HFD grilled over training, safety procedures in the air, on the water

Local News

The Honolulu Fire Department’s training and safety procedures are being called into question.

Witness video shows a firefighter falling from a helicopter rescue net on Sept. 2 during a rescue at Diamond Head trail. He was badly injured.

In June, firefighter Cliff Rigsbee died from injuries during a rescue watercraft training exercise.

KHON2 pressed the fire department on safety concerns, “When it comes to trail rescues, how does HFD determine who is air-lifted and who is walked out?”

“That determination is made at the scene,” explained Fire Chief Manuel Neves.

The chief says the determination is made by an incident commander, the battalion chief, and the pilot – but the pilot has the last say.

Neves adds that HFD would rather walk victims down the trail than use helicopter operations.

“Have there been any instances where you look back and think, ‘We should not have used helicopter operations when it comes to particular hiker rescues’?” KHON2 asked.

“We do a post-incident analysis on every incident, every training session. I can’t say never, but I’m sure certain times we think, ‘Well, we could have done it better,’ or a different way,” replied Neves.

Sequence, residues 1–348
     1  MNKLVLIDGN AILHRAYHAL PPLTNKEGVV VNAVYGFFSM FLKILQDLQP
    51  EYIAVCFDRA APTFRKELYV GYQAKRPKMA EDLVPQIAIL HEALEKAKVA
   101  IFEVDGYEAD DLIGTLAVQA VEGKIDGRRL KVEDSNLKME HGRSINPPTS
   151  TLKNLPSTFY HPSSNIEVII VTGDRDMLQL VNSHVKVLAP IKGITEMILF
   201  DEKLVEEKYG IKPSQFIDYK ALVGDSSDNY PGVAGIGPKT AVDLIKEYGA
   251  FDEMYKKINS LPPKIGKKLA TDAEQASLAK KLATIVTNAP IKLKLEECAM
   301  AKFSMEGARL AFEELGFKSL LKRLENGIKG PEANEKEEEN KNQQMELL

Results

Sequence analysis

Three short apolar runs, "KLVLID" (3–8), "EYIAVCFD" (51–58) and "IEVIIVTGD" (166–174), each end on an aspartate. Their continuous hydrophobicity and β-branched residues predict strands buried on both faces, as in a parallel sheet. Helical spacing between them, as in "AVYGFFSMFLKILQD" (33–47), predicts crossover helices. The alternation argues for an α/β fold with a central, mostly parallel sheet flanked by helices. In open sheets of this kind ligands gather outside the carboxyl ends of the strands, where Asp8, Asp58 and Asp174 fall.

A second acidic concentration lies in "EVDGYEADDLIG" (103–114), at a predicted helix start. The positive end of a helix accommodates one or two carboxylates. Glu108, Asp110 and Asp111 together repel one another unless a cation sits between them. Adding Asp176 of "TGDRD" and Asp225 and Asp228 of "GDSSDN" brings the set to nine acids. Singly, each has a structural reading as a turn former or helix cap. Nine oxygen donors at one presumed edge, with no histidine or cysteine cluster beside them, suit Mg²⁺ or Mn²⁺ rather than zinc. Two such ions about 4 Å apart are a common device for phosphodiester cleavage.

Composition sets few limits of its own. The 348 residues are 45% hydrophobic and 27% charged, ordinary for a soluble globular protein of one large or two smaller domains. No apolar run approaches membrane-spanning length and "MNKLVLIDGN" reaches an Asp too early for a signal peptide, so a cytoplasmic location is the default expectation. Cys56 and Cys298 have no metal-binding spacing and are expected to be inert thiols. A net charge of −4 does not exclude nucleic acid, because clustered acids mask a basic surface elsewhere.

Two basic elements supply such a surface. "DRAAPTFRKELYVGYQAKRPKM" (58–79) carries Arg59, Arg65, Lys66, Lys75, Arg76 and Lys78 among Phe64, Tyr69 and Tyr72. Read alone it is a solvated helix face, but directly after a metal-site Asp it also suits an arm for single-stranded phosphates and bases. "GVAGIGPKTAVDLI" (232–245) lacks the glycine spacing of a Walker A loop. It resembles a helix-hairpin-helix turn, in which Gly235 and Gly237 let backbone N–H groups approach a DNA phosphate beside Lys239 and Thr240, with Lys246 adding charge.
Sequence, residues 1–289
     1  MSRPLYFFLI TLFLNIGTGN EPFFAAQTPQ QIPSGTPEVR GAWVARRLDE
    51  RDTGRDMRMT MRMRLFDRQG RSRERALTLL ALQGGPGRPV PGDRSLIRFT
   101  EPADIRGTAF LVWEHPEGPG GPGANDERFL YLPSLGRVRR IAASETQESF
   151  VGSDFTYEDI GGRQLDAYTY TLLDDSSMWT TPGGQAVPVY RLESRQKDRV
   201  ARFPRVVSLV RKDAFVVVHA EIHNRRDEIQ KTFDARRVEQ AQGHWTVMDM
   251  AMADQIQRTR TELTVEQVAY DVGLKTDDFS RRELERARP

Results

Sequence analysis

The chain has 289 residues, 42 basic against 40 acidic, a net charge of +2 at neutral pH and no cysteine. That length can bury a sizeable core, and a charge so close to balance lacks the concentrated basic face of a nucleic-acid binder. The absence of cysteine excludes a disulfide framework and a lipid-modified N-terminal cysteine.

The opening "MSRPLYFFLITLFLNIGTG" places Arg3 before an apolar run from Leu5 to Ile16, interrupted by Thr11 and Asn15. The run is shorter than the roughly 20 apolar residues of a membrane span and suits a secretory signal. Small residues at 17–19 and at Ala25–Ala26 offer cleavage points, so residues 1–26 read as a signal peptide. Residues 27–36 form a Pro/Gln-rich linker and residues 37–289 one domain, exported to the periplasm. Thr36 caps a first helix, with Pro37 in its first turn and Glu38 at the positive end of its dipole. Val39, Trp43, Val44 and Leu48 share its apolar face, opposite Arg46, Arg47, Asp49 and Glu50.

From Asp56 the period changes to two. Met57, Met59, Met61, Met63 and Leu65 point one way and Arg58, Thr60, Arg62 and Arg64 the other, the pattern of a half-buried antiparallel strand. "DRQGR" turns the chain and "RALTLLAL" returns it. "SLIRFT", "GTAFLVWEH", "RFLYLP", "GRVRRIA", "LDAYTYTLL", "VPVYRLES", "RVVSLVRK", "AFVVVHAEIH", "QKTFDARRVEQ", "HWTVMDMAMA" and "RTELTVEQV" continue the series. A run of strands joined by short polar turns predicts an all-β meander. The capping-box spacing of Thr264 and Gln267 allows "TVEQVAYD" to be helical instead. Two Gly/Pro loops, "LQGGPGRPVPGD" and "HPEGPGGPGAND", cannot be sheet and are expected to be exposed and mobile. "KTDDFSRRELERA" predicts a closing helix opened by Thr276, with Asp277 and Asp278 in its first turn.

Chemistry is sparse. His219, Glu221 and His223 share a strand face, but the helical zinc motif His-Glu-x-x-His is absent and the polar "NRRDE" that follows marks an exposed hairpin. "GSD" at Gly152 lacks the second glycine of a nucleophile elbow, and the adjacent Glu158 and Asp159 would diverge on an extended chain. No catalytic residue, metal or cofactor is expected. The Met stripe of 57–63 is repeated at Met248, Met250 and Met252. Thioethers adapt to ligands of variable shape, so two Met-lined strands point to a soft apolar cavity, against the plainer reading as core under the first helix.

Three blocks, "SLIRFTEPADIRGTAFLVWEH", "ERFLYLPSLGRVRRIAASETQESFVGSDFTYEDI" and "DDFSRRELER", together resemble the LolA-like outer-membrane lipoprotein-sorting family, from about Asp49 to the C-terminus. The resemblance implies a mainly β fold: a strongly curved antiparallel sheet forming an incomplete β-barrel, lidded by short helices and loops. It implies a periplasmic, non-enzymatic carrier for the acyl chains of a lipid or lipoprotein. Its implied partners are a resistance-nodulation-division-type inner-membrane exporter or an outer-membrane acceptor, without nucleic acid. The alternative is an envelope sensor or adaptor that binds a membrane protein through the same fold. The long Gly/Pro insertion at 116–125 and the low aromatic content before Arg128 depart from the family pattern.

As for rescue watercraft training, Bobby Lee, president of the Hawaii Fire Fighters Association, the union representing the workforce, gave us numbers: HFD requires 56 hours of training versus Ocean Safety’s 200-hour certification course.

“Do you think those numbers are misaligned? Should HFD have more training when it comes to ocean rescues?” KHON2 asked.

“We always evaluate our programs, look at other ways to do better at what we do,” responded Neves. “Our training is basic. If we have to swim, we swim. If we have to paddle a surfboard, we will. If we need a rescue watercraft, we will.”

“You said training is basic. Should it not be basic? Should it be more strenuous?” we pressed.

“All of our training, we try to make it realistic as possible. We can’t have training at a lower level and expect firefighters to perform at a higher level when there’s an actual incident,” Neves answered.

Honolulu City Councilman Brandon Elefante says he will be following up with HFD to ensure that proper protocols are in place when it comes to training resources.

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